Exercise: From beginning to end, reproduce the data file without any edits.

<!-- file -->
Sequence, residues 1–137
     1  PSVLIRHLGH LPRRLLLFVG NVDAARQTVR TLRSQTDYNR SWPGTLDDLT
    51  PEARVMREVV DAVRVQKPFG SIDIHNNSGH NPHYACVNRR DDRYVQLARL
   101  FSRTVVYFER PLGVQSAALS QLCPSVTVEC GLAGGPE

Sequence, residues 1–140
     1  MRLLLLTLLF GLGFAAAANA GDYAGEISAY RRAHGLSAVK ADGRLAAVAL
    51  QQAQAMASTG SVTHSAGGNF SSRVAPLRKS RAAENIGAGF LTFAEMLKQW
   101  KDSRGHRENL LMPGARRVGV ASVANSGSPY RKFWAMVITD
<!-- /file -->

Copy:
Sequence, residues 1–137
     1  PSVLIRHLGH LPRRLLLFVG NVDAARQTVR TLRSQTDYNR SWPGTLDDLT
    51  PEARVMREVV DAVRVQKPFG SIDIHNNSGH NPHYACVNRR DDRYVQLARL
   101  FSRTVVYFER PLGVQSAALS QLCPSVTVEC GLAGGPE

Sequence, residues 1–140
     1  MRLLLLTLLF GLGFAAAANA GDYAGEISAY RRAHGLSAVK ADGRLAAVAL
    51  QQAQAMASTG SVTHSAGGNF SSRVAPLRKS RAAENIGAGF LTFAEMLKQW
   101  KDSRGHRENL LMPGARRVGV ASVANSGSPY RKFWAMVITD